The revenue system was in accordance with the Islamic theory and duly inherited from the Ghaznavids. It was, however, compatible to the local conditions of India. The state demand on agricultural produce was the main source of income. The general rate of the state demand was one-fifth of the income which was increased by Ala-ud-Din Khalji to one-half due to administrative reasons. Tax could be paid in both cash and kind. Village headmen helped the local officials in collection of taxes and received their commission. There were also tributary chiefs whose obligation to the state fluctuated in proportion to the strength of the central Government. Officials in far-flung areas were often paid in the form of assignments of the revenue accruing from certain areas called iqta. Among the other sources of income were import duties, the ghanimah (the spoils of war), the imposts on mines and treasure-troves and jaziyah, i.e., tax levied on non-Muslims in return of which they were provided assurance for security of life and property by the government. Contemporary historians do not make any mention about zakat but their silence denotes that zakat was voluntarily paid by Muslims as a religious duty. Fiqh-i-Firoz Shahi mentions a separate treasury for zakat.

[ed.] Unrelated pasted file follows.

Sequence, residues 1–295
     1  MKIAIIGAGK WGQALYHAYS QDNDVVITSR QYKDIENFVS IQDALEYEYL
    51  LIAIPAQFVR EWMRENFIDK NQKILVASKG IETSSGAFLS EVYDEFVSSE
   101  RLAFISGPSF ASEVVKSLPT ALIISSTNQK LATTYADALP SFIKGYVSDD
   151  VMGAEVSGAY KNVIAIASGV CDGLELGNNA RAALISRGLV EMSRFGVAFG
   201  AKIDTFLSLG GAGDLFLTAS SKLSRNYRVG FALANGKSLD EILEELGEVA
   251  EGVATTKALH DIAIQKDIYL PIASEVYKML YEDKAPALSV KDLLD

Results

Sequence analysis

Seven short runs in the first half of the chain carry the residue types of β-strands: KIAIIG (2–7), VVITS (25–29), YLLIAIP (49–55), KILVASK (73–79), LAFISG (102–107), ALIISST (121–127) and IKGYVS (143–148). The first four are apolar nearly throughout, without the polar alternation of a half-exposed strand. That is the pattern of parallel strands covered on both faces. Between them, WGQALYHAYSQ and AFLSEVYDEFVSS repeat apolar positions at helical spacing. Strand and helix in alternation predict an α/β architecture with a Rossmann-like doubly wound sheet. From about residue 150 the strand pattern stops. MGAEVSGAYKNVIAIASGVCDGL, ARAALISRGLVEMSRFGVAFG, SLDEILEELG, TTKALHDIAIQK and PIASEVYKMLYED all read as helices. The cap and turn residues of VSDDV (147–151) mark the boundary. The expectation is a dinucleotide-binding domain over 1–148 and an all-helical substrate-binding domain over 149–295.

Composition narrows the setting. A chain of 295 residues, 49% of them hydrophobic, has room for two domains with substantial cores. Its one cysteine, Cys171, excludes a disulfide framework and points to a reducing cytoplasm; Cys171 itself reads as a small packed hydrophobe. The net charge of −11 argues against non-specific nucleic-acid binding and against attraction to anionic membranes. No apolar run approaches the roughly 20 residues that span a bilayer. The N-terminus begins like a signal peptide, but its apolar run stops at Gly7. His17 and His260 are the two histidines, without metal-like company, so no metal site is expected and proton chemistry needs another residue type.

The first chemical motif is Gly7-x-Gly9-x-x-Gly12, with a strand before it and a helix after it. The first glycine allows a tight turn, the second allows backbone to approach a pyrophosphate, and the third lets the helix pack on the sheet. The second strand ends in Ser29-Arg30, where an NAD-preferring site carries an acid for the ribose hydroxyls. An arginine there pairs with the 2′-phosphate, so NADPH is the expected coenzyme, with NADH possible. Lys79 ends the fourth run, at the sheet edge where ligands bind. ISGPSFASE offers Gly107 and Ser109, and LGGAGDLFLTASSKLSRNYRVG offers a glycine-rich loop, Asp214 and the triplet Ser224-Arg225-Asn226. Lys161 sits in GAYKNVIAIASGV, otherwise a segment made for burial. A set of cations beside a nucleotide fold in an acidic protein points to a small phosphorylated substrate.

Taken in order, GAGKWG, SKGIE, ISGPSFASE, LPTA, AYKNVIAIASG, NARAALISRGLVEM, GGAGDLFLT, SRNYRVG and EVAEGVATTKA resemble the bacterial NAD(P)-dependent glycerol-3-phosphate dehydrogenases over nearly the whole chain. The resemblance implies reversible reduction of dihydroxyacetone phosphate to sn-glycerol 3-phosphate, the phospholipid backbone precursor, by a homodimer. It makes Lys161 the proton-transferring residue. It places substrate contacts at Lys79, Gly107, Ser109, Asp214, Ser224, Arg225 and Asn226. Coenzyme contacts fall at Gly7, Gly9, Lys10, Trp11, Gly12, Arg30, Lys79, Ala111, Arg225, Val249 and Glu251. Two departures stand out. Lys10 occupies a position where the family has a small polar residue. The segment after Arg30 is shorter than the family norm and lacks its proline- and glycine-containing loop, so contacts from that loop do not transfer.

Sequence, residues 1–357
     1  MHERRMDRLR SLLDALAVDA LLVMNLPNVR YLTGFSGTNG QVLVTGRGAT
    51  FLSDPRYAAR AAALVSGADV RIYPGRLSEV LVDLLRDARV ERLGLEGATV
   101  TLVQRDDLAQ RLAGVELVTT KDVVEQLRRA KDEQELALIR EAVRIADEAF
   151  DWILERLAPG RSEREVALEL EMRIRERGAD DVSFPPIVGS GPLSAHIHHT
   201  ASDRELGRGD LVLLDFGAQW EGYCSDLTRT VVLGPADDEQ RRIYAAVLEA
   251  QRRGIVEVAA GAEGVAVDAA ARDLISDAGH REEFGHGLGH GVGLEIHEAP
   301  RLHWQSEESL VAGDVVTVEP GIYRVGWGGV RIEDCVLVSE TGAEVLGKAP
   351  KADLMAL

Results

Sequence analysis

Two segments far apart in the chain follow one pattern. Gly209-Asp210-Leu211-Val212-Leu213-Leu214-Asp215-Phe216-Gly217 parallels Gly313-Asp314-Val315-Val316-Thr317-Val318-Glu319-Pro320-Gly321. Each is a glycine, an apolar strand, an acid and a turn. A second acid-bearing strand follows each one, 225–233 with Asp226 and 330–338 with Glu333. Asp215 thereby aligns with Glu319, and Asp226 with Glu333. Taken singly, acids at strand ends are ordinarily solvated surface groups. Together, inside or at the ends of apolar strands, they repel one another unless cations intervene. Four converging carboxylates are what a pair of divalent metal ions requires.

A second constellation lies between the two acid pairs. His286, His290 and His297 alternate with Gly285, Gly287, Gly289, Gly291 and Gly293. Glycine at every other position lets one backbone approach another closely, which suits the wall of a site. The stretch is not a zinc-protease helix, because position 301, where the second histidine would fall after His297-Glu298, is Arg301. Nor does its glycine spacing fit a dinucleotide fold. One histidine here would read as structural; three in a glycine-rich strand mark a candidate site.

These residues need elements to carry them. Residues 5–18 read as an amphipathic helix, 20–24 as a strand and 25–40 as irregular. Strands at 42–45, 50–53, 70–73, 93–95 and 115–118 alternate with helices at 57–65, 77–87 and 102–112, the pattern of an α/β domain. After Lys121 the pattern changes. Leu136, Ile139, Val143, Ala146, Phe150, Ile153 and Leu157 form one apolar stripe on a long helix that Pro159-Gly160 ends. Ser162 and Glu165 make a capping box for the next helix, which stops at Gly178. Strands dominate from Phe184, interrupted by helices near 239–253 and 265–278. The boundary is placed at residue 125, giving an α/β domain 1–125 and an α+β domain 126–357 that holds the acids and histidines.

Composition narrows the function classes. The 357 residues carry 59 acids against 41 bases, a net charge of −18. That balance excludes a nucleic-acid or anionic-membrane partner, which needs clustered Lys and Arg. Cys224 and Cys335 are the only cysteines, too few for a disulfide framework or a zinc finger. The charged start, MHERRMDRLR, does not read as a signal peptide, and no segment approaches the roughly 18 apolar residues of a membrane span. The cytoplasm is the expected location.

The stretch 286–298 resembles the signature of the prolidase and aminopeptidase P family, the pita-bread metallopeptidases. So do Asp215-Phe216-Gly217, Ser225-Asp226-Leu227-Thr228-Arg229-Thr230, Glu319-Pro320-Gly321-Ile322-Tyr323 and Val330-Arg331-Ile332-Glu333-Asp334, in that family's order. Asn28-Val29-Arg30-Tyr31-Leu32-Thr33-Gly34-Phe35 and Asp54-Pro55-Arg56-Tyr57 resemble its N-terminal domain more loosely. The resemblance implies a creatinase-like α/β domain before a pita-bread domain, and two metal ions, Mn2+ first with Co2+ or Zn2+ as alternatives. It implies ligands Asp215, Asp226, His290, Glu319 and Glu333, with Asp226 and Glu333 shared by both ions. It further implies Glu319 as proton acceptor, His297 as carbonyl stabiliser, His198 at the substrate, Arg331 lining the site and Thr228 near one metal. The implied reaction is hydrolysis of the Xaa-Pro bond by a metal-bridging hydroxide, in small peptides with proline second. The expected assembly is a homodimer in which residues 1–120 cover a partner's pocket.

This article was last updated on Monday, Jan 03, 2005